This was tempting bait, but Molotov would only swallow it if he could get his other demands as well. Russia, he firmly indicated, was closely interested in the Balkans. The official Soviet reply was more explicit, Bulgaria must accept a Russian guarantee and a Russian base within readh of the Straits. In addition, the Soviets wanted German troops withdrawn from Finland, the Japanese to renounce their right to concessions in North Sakhalin, and the area “south of Batum and Baku in the general direction of the Persian Gulf” recognized as the centre of Soviet aspirations.
For this disagreeable revival of the Russian appetite, as well as the danger which he foresaw of a British intervention in the Balkans, Hitler thought it convenient to blame Mussolini. He wrote to him:
The situation which has now arisen has very grave psychological and military repercussions which it is important understand clearly.
With Russia, too, it is more difficult to bring about an agreement on interests and to divert Russian ambitions towards the east.
M. Molotov showed, on the contrary, an increased interest in the Balkans.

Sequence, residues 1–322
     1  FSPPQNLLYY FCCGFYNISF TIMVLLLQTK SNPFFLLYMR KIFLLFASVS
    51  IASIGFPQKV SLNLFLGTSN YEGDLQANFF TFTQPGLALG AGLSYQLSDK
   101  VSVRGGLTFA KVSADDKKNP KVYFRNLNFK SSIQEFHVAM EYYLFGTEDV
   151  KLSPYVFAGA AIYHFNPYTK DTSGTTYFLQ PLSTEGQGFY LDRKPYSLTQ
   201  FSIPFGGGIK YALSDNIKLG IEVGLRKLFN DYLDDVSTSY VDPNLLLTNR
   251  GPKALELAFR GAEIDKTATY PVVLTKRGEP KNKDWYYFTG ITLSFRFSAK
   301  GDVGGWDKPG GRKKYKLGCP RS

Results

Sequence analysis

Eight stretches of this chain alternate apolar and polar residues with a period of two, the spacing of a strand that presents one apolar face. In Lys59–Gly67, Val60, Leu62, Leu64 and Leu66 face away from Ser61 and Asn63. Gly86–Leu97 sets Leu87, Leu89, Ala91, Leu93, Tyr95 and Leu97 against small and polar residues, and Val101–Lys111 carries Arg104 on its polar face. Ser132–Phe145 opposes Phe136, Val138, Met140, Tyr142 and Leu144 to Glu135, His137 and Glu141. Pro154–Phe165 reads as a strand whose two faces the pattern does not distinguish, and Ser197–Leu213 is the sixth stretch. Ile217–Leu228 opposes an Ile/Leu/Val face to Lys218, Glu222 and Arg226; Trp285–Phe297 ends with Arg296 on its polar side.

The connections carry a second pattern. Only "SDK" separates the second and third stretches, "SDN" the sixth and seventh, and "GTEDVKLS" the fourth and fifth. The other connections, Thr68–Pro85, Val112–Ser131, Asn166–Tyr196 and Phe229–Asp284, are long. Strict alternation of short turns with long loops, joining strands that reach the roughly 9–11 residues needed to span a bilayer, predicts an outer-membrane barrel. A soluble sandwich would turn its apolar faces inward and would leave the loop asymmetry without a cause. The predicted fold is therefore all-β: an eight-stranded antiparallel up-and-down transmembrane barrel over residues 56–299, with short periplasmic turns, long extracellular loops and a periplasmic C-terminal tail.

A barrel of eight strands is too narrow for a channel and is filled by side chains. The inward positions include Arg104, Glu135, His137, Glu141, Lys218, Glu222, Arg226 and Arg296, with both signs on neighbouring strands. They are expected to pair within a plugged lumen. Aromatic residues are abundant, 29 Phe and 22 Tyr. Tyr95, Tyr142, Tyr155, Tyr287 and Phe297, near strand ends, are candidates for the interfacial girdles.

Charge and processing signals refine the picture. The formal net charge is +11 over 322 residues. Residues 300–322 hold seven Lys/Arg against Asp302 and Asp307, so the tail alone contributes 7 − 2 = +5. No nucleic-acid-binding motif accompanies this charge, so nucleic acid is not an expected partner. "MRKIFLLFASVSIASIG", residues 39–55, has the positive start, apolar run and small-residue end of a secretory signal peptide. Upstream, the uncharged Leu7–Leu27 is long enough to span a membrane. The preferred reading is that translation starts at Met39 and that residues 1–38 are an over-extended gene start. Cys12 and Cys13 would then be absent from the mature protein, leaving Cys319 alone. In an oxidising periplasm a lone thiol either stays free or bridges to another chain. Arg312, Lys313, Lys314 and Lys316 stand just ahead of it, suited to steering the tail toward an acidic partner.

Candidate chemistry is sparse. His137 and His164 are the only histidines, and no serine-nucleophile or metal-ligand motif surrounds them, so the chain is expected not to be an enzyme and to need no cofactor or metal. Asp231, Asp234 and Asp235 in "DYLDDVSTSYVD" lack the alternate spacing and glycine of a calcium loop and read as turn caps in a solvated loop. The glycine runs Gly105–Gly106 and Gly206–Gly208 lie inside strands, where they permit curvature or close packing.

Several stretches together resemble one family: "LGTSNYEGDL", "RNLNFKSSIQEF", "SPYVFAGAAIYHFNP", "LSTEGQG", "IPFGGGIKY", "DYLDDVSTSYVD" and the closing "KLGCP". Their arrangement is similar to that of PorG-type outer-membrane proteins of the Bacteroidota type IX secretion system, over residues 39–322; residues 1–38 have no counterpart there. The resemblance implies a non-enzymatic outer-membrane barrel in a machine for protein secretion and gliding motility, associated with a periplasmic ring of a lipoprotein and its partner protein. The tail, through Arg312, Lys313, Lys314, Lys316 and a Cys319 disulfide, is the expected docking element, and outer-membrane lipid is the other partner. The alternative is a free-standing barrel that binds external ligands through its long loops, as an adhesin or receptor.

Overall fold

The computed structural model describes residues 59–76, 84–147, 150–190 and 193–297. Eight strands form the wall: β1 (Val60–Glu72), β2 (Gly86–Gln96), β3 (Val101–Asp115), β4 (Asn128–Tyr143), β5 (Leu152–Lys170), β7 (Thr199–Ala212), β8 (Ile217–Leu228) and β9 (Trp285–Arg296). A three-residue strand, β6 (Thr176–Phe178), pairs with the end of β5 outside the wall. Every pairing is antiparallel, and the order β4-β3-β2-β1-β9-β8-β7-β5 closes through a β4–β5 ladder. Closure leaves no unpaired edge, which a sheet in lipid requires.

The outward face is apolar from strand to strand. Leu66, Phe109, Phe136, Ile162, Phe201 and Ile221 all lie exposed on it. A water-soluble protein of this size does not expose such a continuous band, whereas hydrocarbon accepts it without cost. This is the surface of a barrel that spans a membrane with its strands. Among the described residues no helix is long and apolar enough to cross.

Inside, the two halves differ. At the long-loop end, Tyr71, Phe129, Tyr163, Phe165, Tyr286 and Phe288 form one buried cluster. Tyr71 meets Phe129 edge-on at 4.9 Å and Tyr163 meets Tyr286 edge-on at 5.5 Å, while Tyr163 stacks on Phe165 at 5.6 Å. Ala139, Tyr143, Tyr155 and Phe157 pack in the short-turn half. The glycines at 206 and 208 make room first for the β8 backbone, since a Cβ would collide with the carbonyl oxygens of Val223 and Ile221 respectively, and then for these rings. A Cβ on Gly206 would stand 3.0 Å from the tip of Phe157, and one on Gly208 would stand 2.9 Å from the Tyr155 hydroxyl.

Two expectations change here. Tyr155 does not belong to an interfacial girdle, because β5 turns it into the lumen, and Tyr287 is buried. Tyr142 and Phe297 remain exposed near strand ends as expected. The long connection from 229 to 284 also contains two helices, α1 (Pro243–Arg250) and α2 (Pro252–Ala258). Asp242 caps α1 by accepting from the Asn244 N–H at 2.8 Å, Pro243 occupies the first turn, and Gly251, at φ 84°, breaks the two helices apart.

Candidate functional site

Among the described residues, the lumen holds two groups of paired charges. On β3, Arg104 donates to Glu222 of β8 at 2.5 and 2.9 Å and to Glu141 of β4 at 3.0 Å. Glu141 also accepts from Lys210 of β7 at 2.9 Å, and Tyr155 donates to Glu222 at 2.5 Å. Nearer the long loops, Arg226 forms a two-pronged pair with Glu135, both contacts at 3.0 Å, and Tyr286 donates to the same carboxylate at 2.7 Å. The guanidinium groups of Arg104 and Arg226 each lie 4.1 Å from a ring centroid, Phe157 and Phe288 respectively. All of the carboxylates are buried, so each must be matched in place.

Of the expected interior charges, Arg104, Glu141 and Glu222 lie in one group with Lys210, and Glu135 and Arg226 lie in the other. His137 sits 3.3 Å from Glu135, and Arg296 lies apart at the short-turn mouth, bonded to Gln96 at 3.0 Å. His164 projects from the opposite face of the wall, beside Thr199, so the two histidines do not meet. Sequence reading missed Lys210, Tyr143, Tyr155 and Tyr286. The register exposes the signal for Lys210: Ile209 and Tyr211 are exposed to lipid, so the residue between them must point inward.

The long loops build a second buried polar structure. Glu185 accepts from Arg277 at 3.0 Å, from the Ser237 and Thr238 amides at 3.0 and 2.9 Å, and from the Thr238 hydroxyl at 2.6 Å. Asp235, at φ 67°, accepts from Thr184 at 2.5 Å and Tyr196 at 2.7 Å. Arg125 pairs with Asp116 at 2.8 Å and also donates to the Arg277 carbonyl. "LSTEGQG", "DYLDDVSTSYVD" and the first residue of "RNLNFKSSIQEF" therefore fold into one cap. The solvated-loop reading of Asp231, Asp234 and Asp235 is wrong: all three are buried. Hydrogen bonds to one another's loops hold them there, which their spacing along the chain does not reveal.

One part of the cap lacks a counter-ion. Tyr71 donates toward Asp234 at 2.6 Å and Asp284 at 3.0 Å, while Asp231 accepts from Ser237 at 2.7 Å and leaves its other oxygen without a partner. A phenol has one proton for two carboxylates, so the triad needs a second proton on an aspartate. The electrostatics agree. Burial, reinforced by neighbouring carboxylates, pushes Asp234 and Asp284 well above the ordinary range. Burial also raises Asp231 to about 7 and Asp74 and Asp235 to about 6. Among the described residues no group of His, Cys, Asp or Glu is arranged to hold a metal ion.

England is now obtaining a number of air bases which bring her into close proxiity to the oilfields of Ploesti, and likewise also within striking distance of all southern Italy.
The Fürer’s plans were soon recast. He called off preparation for an advance through Spain upon Gibraltar, being thwarted by General Franco’s refusal to fix a date for Spain’s entry into the war and having also new engagements elsewhere. On December 13th Hitler issued his orders for the attack on Greece through Bulgaria and, five days later, for the campaign which broke his power, the attack on Russia. There remained the problem of the Yogoslavs. If possible they must be coaxed; the carrot of Salonika was therefore dangled before them, but pressure was also applied to make them join the Tripartite Pact.
On New Year’s night I was in the Foreign Office after dinner, when the Prime Minister summoned me to discuss a telegram to President Roosevelt. Kingsley Wood and Beaverbrook were also there. When we had done our work and the others had gone, Churchill took me on to the roof. It was raining and the firing that evening was slight. I could not help wondering what fate would have in store for us before the next New Year’s day came around.